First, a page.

Structure and function combined is best for detecting, discriminating glaucoma
medwireNews: An index that combines structure and function measurements can detect perimetric and preperimetric glaucoma more accurately, and can differentiate early, moderate, and advanced disease more successfully than systems that consider either variable alone, report researchers.
The combined index of structure and function (CSFI) considers more than standard automated perimetry (SAP) measurements, which have been relied on until now but may underestimate the severity of damage in early disease.
"The CSFI has several desirable properties for use as a staging index," explain Felipe Medeiros (University of California, San Diego, USA) and co-workers. "It discriminates well among the different stages of disease and has an intuitive interpretation as the overall percent loss of neuronal tissue.
The team compared data for 333 glaucomatous eyes - 295 with perimetric glaucoma and 38 with preperimetric glaucoma - with data for 165 eyes from healthy individuals. All eyes underwent ophthalmologic testing, including SAP.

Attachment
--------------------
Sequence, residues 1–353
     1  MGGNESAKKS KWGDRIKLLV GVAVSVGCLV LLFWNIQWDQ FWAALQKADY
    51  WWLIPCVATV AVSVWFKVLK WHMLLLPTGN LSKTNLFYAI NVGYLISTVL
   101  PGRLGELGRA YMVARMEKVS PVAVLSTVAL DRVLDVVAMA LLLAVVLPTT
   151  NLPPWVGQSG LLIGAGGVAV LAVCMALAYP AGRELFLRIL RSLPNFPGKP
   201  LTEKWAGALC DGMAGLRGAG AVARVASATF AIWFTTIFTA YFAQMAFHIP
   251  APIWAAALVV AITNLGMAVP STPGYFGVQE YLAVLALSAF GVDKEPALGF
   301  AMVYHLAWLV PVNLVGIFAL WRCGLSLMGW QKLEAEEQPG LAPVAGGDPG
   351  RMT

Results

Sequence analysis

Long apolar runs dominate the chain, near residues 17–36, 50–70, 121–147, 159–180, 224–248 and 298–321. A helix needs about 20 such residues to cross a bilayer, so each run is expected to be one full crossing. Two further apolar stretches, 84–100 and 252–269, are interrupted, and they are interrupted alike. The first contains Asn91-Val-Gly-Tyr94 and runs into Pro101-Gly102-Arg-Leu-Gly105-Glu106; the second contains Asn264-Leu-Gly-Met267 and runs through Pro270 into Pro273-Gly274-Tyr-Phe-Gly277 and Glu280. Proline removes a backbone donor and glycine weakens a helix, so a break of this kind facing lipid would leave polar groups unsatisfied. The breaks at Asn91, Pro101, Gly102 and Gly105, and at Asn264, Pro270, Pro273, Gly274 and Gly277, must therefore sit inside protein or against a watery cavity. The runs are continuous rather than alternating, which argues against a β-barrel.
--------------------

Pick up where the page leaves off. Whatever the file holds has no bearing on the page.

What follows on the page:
While visual field defects on SAP are known to associate with retinal ganglion cell (RGC) loss, studies have shown that as many as 40‑50% of RGCs may need to be lost before this test can detect changes, explain the researchers.
Mean estimated RGCs were 524,545 in the perimetric group, 748,731 in the preperimetric group, and 973,120 in the healthy eyes, and RGCs decreased significantly with age, at a rate of 9249 per year in healthy individuals, remark the researchers in the Archives of Ophthalmology.
Receiver operating characteristic analysis calculated an area under the curve (AUC) score of 0.94 (where 1 is perfect discrimination) for distinguishing glaucomatous from healthy eyes using the CSFI. This was significantly higher than the AUC scores of the other indices tested, including the visual field index.
The CSFI also identified perimetric glaucoma significantly more accurately than did the mean deviation of retinal nerve fiber layer, with an AUC score of 0.96 versus 0.93, and identified preperimetric glaucoma significantly more accurately than did the visual field index, with an AUC score of 0.85 versus 0.51.
The CSFI was superior at distinguishing the 189 eyes with early visual field loss from the 49 with moderate damage and 57 with advanced damage, with AUC scores ranging from 0.94 to 0.96 compared with 0.70 to 0.77 for the other diagnostic indices.
"Future studies should be performed to attempt to correlate proposed staging systems to results of these tests or to develop staging systems based on results of tests directly measuring functional impairment in glaucoma," the authors conclude.
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By Sarah Guy, medwireNews Reporter